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National Cancer Institute

Health Journalism

The National Cancer Institute (NCI) has a long tradition of funding cutting-edge health communication and health journalism research. There is a rich history of partnering with schools of communication, journalism, news organizations, professional organizations, and other institutes within the National Institutes of Health (NIH). NIH funds and conducts disease-specific and statistical training for health journalists in the U.S. and abroad. Because news media are a primary source of health information for the public, and because the landscape of journalism is ever-evolving, HCIRB is planning a funding initiative in health journalism research to address gaps and inform cancer communication practice. Extramural investigators will be encouraged to submit applications in the areas of:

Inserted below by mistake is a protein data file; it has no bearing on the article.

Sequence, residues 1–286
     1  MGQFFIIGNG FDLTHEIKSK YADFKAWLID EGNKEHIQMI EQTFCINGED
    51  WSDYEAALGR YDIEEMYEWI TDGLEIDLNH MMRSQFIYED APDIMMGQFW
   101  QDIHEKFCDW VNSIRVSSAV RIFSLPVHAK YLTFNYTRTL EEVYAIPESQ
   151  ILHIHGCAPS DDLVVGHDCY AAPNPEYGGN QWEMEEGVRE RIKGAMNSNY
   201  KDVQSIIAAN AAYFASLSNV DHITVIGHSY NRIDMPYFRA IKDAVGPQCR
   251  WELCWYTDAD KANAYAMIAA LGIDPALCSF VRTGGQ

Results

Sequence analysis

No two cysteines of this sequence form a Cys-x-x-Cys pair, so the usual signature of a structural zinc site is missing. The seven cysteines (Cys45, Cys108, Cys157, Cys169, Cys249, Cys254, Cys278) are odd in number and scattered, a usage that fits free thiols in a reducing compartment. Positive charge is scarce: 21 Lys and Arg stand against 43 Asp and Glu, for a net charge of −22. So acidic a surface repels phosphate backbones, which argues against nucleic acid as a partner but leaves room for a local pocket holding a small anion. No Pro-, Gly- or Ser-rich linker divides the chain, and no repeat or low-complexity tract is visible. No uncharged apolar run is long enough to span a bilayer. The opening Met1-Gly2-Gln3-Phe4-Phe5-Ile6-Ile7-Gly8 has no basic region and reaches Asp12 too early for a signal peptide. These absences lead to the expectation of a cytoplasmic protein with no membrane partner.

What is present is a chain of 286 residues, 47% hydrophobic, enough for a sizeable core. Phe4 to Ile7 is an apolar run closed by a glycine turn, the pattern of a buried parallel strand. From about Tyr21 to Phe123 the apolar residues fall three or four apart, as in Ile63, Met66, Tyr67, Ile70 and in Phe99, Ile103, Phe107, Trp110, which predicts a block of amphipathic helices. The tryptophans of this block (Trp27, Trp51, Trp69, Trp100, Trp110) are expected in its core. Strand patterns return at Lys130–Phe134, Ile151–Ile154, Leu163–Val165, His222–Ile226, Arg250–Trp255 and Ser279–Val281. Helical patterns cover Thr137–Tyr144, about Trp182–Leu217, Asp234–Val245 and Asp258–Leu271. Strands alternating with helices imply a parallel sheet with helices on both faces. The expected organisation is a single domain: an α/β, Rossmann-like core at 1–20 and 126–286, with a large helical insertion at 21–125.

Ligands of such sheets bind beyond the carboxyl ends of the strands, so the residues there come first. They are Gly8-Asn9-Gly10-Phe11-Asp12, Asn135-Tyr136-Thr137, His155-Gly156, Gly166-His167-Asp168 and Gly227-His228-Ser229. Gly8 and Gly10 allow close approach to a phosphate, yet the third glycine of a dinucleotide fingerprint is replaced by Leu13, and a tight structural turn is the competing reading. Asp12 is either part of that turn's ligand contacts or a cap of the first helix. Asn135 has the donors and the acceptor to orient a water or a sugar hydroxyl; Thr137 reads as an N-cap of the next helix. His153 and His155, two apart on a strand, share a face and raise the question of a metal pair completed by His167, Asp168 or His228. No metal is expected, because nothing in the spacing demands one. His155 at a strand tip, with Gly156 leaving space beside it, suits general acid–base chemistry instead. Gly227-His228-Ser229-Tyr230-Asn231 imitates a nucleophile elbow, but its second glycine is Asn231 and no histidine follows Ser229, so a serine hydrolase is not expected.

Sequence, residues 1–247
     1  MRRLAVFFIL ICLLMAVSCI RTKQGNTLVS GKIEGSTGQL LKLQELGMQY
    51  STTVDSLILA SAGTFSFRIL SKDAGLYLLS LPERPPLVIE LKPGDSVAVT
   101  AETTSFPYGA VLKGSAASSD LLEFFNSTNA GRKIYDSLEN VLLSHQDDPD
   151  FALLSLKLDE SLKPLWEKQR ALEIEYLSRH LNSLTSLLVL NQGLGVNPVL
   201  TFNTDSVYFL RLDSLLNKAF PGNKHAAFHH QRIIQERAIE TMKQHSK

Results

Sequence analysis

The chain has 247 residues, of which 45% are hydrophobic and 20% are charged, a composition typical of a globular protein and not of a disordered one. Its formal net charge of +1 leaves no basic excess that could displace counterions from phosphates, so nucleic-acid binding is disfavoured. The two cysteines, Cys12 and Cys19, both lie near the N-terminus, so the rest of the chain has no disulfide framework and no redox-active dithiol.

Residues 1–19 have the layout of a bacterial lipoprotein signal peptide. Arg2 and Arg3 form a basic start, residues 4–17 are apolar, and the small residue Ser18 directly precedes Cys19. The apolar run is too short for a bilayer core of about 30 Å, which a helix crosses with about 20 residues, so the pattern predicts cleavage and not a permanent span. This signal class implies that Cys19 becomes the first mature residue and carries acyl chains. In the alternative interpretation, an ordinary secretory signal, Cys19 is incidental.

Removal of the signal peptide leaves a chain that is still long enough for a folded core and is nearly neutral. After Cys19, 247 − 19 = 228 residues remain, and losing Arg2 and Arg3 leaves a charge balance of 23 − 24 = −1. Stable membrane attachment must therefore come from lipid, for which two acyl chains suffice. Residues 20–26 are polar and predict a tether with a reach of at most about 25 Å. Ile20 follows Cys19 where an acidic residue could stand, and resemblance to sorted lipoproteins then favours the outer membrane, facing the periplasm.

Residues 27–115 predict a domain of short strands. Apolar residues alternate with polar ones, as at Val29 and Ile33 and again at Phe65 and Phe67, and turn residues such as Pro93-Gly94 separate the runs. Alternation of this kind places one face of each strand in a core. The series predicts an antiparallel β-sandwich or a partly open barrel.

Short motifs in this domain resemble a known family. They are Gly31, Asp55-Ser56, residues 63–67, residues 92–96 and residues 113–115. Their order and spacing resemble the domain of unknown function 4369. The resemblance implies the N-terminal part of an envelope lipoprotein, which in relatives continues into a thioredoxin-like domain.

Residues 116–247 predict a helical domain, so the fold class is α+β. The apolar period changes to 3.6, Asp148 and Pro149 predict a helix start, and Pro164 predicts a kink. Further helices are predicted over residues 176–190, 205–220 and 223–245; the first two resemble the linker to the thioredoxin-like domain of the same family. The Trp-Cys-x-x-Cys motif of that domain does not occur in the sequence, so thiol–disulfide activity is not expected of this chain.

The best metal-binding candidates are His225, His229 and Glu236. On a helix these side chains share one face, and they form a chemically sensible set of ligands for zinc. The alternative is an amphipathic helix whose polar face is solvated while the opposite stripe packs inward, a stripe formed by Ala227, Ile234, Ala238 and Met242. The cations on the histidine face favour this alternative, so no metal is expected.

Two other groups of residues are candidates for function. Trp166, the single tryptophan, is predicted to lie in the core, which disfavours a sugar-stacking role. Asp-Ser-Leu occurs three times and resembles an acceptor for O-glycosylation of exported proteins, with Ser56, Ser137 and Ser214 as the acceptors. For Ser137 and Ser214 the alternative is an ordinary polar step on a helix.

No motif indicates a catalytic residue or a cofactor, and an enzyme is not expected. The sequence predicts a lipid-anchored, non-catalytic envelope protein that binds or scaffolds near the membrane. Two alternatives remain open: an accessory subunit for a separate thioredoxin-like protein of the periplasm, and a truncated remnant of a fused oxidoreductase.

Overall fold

• Agenda-setting
  • Health news construction (how health reporters use sources, resources, and emerging technologies; framing/priming)
  • Health news exposure, attention, and information processing
  • Media effects/how media exposure affects personal and population health
  • Best-practices for training journalists on health and science topics
  • Development of useful, reliable online toolkits for health reporters and editors
  • The overwhelming transformation of journalism, and how it will affect health journalism research and practice

The NCI Health Communication and Informatics Research Branch is pleased to present the December 2013 special issue of JNCI Monographs, Cancer Prevention and Control in the Changing Communication Landscape Exit Disclaimer


Blake KD, Chou WY, Prestin A, Hesse BW. Cancer prevention and control in the changing communication landscape. J Natl Cancer Inst Monogr. 2013;2013(47):131-2.


Kelly Blake, ScD